The lack of vaccination programs in rebel-held southern Syrian provinces makes the area ripe for an epidemic.
Seeking to combat its reputation as uninvolved in Syria’s internal affairs, the opposition-in-exile, the Syrian National Coalition has trained a group of doctors, nurses, and technicians in administering immunizations in south Daraa.
“This course ultimately aims to create a team to cover any absence of medical infrastructure should the regime fall, but for now, they will cover areas that cannot be reached by the Ministry of Health,” Doctor Khalid Amyan, the director of health in Daraa for the opposition’s ministry of health, tells Syria Direct’s Ahmad Katlish.
The training comes ahead of a three-month immunization campaign, scheduled to begin in October, that aims to reach over 110,000 children, from newborns to five-year-olds, in rebel-controlled Daraa and Quneitra.
Q: In the past, there were several fatalities because of vaccinations during previous opposition-run vaccination campaigns in northern Syria. How have you regained people’s trust?
The instances of fatalities in the north were the result of technical mistakes and had no relation to the vaccinations or their quality.
This time, we created a “community engine” that will carry out an awareness campaign ahead of the vaccination campaign in mosques and schools, as well as though trusted sources and well-known personalities in the community. This will give people an impression of sincerity and reinforce their trust.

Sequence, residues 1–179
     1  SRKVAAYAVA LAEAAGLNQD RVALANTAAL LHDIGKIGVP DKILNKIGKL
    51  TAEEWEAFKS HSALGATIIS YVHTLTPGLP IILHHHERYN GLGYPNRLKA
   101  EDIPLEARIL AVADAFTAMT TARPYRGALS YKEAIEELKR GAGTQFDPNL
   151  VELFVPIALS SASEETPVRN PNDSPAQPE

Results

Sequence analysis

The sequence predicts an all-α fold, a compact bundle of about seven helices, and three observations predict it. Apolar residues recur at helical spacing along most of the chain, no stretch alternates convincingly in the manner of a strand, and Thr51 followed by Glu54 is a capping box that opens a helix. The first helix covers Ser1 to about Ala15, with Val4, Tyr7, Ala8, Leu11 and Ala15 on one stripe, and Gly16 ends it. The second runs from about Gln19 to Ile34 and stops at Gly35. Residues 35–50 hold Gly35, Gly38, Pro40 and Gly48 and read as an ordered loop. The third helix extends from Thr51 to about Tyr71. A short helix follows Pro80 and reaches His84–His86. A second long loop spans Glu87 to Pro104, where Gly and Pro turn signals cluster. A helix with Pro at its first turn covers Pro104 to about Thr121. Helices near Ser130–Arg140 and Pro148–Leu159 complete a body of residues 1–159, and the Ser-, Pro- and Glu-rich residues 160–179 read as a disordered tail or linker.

Q: Could you describe the training course? What are the subsequent plans for the participants after the training course is over?
This course was set up to train a group of 10 doctors as well as a number of nurses and technicians to administer immunizations and to prepare them to train other personnel to carry out vaccinations in under-served areas.
This course ultimately aims to create a team to cover any absence of medical infrastructure should the regime fall, but for now, they will cover areas that cannot be reached by the [opposition’s] Ministry of Health.
Q: Why is the interim government only now doing a vaccination campaign in southern Syria, given that there were previously numerous vaccination campaigns in the north?
There weren’t any reports from southern Syria concerning the specific health situation regarding vaccinations, and the government’s being in Gaziantep [in Turkey] led to a disproportionate interest in the northern provinces.
However, a government office was opened in Jordan a year and four months ago, and since then we have worked to create a database through which we can recreate a similar vaccination program [in the south].